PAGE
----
Heating A House With a Gas Oven

While it’s generally well known that gas is cheaper to use to heat your home and cook the food, it does not mean you can use your gas oven to heat your property. A gas oven is extremely useful for cooking and grilling food. But there are practical reasons why you shouldn’t use them to heat the home. Many people don’t use them properly or maintain them.

Over the last decade, over 35% of all accidental carbon monoxide deaths in UK homes have been caused by gas appliances and of these 9% are from gas cookers alone. 

Is It Safe to Use Your Oven to Heat Your Home?

In short, no it is not safe to use an oven to heat your home. The main reasons are that carbon monoxide build up can occur from an open oven as it is not a space heater. Gas ovens need air to function and take oxygen from the room. If windows are closed there is no safety cut off feature when oxygen is depleted.

Heating House With a Gas Oven

Why it’s not safe to use an oven as a heater

Carbon monoxide detectors not used or maintained

Every death from carbon monoxide (CO) should be preventable.  One of the reasons why people are still dying from it could be that CO alarms are still not mandatory everywhere in the UK for gas, but only in Scotland. 

Those who do have carbon monoxide alarms installed need to regularly check and maintain them.  Ideally, replace them every few years even if they’re working. 

Gas cookers need access to direct air

One of the requirements in the UK when installing a gas cooker is to have at least an openable window or similar in the room, direct to the outside air.  When you’re trying to heat the home up, the window will likely be shut so the fumes have nowhere to escape and circulate in the room.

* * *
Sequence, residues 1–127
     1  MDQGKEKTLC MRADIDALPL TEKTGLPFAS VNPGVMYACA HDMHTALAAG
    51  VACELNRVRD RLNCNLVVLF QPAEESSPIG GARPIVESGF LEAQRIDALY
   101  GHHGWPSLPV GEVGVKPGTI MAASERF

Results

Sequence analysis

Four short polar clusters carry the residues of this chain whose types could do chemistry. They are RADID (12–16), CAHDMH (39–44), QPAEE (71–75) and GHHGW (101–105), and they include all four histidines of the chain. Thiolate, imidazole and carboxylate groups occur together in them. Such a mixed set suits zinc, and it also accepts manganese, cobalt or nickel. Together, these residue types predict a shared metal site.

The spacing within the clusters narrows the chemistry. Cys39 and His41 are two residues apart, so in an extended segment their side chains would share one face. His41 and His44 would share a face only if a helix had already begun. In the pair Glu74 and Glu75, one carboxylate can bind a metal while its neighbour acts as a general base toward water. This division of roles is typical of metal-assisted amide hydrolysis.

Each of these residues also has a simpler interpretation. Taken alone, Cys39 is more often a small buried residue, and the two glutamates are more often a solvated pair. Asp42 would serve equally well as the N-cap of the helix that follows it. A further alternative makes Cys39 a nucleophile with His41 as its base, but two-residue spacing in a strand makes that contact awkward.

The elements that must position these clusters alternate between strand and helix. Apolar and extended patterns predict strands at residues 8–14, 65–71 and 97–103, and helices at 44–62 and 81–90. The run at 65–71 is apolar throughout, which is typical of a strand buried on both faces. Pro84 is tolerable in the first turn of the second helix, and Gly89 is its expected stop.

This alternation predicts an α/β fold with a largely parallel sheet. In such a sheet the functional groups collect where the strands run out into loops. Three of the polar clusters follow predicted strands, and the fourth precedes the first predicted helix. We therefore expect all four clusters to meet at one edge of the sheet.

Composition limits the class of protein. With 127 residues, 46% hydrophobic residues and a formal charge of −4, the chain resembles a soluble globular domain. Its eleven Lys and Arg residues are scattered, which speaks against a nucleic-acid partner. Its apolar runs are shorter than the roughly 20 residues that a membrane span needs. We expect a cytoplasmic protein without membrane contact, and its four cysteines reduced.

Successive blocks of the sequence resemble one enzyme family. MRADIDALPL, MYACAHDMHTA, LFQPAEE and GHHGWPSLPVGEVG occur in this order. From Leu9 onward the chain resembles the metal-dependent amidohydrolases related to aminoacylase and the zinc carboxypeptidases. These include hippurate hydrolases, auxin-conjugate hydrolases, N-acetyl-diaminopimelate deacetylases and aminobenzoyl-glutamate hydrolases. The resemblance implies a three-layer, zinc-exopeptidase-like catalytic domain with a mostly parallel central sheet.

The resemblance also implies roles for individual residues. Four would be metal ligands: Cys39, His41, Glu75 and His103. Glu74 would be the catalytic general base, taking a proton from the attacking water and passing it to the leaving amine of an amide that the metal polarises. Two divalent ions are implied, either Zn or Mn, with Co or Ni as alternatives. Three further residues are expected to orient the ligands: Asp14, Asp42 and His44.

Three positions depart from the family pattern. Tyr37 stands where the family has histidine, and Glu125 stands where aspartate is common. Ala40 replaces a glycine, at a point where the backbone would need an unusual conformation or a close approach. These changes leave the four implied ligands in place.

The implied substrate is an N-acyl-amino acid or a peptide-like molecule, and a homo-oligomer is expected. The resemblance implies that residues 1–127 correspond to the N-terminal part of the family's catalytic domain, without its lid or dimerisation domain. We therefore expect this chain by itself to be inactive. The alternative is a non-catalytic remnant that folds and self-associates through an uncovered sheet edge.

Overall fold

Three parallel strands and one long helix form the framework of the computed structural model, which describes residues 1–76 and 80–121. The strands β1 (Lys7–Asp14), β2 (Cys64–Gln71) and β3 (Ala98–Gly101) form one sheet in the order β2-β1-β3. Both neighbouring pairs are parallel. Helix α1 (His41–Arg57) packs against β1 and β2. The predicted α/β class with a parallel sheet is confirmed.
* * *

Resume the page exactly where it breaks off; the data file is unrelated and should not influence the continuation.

If you’re sleeping at that time, the cooker is fighting with you for the available oxygen it needs to function.  Your bodily functions will probably fail quicker than the parts of the cooker!

Insulated walls and loft space

With many homes in the UK now having cavity wall and loft insulation installed to stop heat escaping,  this results in lower levels of air coming into the room which adds to the danger. Houses that have conservatories as an extension have the added danger of not allowing enough air to come in or combustion fumes going out.

Cookers take the air out of the room

Carbon monoxide is odourless, colourless and tasteless and with a cooker being a flueless appliance – which means it doesn’t have a purpose-designed flue or chimney to get rid of combustion products, all of it will go into the room.

No safety cut off feature

Using a cooker for heating a room is dangerous because you will likely be running it for much longer than normal and many don’t have any safety features built in, like oxygen level sensors to shut it down when oxygen in the atmosphere gets low.

Symptoms of CO poisoning

The symptoms of carbon monoxide poisoning include:

  • A tension-type headache
  • Dizziness
  • Feeling and being sick
  • Stomach pain
  • Shortness of breath and difficulty breathing.

Why are flueless appliances allowed in the home if they are so dangerous?

Flueless appliances like cookers are allowed in the home because the usage pattern of the appliance is not regular and long lasting, rarely going over two hours at most.  Unlike a boiler that can carry on running for the whole day in very cold weather.

 It also doesn’t have a carbon monoxide detector built in to recognise dangerous levels.  To heat the room up, you would be opening the oven door, so all the CO would be pushed into the room to potentially dangerous levels, especially over long periods.

For more information about gas hob and cooker safety, visit this page on Gas Safe Register’s website.

Conclusion

If for some reason your home heating system is not working, please don’t resort to turning the gas cooker on to heat up the place.  It can be a dangerous appliance when not used for the intended purpose.  If you do decide to use it though, and should you fall asleep, you may not wake back up!